Grading The Draft For The New York Knicks

Mar 22, 2018; Atlanta, GA, USA; Kentucky Wildcats forward Kevin Knox (5) shoots against the Kansas State Wildcats during the first half in the semifinals of the South regional of the 2018 NCAA Tournament at Philips Arena. Mandatory Credit: Dale Zanine-USA TODAY Sports

Did the New York Knicks finally get it right in this year’s draft?

After much anticipation of whom the Knicks might select, the time has finally come and with the 9th pick – the New York Knicks drafted Kentucky star freshman, Kevin Knox. Knox is a 6’9 forward with close to a 7-foot wingspan and a 9-foot standing reach. All of those measurable are unteachable. He’s an athletic wing. While he only shot 34% from deep in college, he’s got a pretty stroke and projects to be good shooter from the outside on the next level.

Who should they have taken?

Most fans who attended the draft clearly wanted Missouri Forward, Michael Porter Jr. When Cleveland drafted Collin Sexton with the 8th pick, Knick fans across the Barclay’s Center all felt a sigh of relief and a rush of excitement that they may actually get a player who was once a top 3 projected pick.

As we know, they passed on MPJ for seemingly obviously reasons and grabbed Knox, much to the dismay of numerous fans in attendance.

This was clearly the right choice. Porter Jr. was saddled with a back injury for all but 53 minutes in his lone year at Missouri. He reportedly failed multiple physicals and had to cancel workouts due to a bad hip. Can he turn out to be a star? Absolutely. But once he had to cancel workout, the Knicks had to pass on him. Hell, NBA Legend Jerry West passed on him – twice.

Mikal Bridges is a nice player but he is going to start his NBA career 3 years older than Knox and doesn’t project to be a major impact player on offense.

What does Kevin Knox potentially bring to New York short term and long term?

Drafting Knox proves that Scott Perry and Steve Mills are ready to build up the right way. For years, the Knicks have always overpaid for average players past their primes and never properly built a roster with capability of sustaining success. Knox doesn’t turn 19 until August 11th. Frank Ntilikina will only be 20 next season. They don’t seem to have any intention of signing players to long term deals this upcoming free agency but it’s still too soon to tell.

Coach Fiz has no pressure to win this year and should focus on developing the youngsters and that means letting Kevin go through growing pains this year.

Long term? Can he be the next Paul George? Maybe he is a bigger version of Suns star Devin Booker? The talent is there. He can be your coveted wing for the future and go to scorer. If he works hard and continuously improves, there is no reason that he can’t be one of the best to come from this draft class and a future Eastern All-Star.

Where the heck was Mitchell Robinson this past year?

The Knicks took 7”1 center, Mitchell Robinson with the 36th pick in the draft. Robinson is the ultimate “boom or bust” player. He is freakishly long and athletic as seen in this short clip. He can be of great value to the Knicks or to any for that matter, however, he need to apply himself mentally.

Mitchell Robinson was ranked 11th overall by ESPN coming out of High School just behind top 10 picks Jaren Jackson and Kevin Knox. He originally committed to Texas A&M until de-committing shortly after. He then went on to commit to play for Western Kentucky, the highest recruit they have got in decades until he one day just packed his bags and left the campus.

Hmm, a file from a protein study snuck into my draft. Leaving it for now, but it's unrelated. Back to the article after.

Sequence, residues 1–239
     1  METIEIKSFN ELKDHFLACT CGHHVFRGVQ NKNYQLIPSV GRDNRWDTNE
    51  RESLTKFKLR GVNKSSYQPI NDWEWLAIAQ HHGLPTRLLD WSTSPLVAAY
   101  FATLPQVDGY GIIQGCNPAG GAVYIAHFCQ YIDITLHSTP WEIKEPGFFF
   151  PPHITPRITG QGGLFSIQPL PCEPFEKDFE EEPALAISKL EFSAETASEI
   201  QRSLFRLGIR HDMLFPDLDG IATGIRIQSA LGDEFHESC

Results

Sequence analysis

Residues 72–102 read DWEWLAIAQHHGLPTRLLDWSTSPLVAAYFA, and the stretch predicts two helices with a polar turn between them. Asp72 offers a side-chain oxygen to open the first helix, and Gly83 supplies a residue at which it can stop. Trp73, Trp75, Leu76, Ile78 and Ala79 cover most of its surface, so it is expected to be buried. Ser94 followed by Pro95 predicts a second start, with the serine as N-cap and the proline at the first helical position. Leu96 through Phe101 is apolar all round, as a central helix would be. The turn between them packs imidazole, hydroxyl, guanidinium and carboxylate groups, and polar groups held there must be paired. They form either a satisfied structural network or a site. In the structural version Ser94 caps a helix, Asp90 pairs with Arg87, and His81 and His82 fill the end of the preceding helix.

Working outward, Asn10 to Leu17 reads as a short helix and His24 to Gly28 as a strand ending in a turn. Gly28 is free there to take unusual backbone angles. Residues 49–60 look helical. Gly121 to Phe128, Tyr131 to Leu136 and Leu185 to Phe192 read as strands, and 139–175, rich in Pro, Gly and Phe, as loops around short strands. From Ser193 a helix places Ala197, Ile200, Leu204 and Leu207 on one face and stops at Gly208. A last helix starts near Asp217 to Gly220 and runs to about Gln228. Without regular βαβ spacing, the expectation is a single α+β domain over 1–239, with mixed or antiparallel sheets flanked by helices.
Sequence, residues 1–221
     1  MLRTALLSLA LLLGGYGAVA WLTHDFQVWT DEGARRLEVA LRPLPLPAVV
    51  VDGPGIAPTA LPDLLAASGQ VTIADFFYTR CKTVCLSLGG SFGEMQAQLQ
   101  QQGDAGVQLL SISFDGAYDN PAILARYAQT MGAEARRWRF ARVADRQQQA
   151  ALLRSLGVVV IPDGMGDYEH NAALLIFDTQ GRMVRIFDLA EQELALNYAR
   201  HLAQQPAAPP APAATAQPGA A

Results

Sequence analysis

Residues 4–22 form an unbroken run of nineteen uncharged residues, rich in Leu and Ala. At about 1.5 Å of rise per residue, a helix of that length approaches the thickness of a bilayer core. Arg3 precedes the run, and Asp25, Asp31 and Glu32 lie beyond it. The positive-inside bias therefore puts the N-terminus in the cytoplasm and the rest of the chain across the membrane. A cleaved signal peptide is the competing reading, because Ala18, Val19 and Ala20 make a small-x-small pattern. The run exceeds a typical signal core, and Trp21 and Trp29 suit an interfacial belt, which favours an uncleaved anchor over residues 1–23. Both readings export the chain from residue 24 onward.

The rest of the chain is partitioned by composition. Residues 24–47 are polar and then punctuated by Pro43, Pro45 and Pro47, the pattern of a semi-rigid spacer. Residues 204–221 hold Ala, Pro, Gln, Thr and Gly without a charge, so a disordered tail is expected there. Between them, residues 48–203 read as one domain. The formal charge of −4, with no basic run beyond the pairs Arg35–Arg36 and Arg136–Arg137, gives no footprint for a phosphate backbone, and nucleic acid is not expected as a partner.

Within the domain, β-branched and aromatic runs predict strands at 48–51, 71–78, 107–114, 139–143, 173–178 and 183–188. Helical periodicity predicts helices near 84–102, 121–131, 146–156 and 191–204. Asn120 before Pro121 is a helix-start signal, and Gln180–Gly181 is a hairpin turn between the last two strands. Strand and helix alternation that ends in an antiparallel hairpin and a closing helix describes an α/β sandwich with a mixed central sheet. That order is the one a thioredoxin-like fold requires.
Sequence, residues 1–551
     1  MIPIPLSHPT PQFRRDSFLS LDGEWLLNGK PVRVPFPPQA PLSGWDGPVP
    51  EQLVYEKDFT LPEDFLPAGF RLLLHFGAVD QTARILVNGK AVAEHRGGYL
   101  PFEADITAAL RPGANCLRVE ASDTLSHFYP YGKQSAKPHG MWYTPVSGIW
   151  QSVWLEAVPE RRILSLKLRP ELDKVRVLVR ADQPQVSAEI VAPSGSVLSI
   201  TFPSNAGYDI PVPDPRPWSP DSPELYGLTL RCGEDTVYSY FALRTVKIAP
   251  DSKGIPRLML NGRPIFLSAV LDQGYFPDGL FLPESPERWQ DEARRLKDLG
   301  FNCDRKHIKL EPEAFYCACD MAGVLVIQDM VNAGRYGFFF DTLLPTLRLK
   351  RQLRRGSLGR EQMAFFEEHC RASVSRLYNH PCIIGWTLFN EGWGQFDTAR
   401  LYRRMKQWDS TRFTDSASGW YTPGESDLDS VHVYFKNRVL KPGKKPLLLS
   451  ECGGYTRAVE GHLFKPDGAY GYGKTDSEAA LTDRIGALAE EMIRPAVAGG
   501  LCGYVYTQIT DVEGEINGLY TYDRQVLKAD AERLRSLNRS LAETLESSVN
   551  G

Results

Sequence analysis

Is this cause for concern? Of course it is. He trained on his own and he didn’t play any competitive ball over the year. No one really knows how his development progressed and there are obvious character concerns. That being said, that’s primarily the reason he dropped to the second round.

He has the talent and physical tools to become the next Clint Capella or Hassan Whiteside. I would be patient with him, get him some NBA minutes and some G-League time. I am really optimistic about him as an athlete. He can be one of the best centers in this draft and a key contributor to the Knicks and a backup center or starting next to KP. I am happy with the selection, the second round is usually reserved for question marks like Robinson and we could only hope we get a steal.

How will UDFA Allonzo Trier help the team?

The once highly touted guard didn’t have the best college career. He was signed shortly after the conclusion the NBA draft. He missed 7 games in 2016 due to a hand injury. In 2017, he was suspended for 19 games for violating the drug policy.

He did however have some success on the court. As a sophomore, he earned second-team all-conference honors in the PAC-12 and was named the most outstanding player in the PAC-12 Tournament. In 2017-18, Trier scored 18.1 PPG on 50% shooting while nailing 38% of his triples, not bad for a 6”5 athletic guard.

He has the talent to become a solid scorer off the bench in the NBA and can prove that in the summer league. He is a 3rd year player so we usually know what they are but there have been players like Draymond and Paul Millsap that exceeded all expectations. Obviously that isn’t whats expected of him, however, you never know.

Overall, for the first time, I really thought the Knicks did everything right. Knox was the right pick whether he pans out or not. Robinson has a TON of talent and for the second round, you accept that. Trier can maybe turn into a bench player this year and gives them more flexibility to trade Courtney Lee. Now it’s just up to the coaching staff to develop this newly acquired talent and for the players to work hard and bring a ring to the Mecca.

Overall Grade: B +

The Knicks earned a solid grade this draft simply because of the pure youth they added to the team. They drafted high reward players that have plenty of of room to grow, resulting in a good draft.